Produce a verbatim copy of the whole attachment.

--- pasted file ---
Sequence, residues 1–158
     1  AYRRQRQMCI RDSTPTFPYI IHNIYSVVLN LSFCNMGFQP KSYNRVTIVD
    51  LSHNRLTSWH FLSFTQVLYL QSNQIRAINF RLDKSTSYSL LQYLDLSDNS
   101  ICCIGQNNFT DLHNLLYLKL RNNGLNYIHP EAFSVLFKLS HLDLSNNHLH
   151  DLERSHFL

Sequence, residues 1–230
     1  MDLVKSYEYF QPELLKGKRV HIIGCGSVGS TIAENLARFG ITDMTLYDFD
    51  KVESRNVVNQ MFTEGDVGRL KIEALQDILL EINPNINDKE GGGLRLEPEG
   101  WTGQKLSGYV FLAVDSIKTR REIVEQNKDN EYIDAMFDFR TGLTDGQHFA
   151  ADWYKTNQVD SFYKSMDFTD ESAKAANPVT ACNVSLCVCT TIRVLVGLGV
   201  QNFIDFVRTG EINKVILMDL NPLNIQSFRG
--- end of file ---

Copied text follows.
Sequence, residues 1–158
     1  AYRRQRQMCI RDSTPTFPYI IHNIYSVVLN LSFCNMGFQP KSYNRVTIVD
    51  LSHNRLTSWH FLSFTQVLYL QSNQIRAINF RLDKSTSYSL LQYLDLSDNS
   101  ICCIGQNNFT DLHNLLYLKL RNNGLNYIHP EAFSVLFKLS HLDLSNNHLH
   151  DLERSHFL

Sequence, residues 1–230
     1  MDLVKSYEYF QPELLKGKRV HIIGCGSVGS TIAENLARFG ITDMTLYDFD
    51  KVESRNVVNQ MFTEGDVGRL KIEALQDILL EINPNINDKE GGGLRLEPEG
   101  WTGQKLSGYV FLAVDSIKTR REIVEQNKDN EYIDAMFDFR TGLTDGQHFA
   151  ADWYKTNQVD SFYKSMDFTD ESAKAANPVT ACNVSLCVCT TIRVLVGLGV
   201  QNFIDFVRTG EINKVILMDL NPLNIQSFRG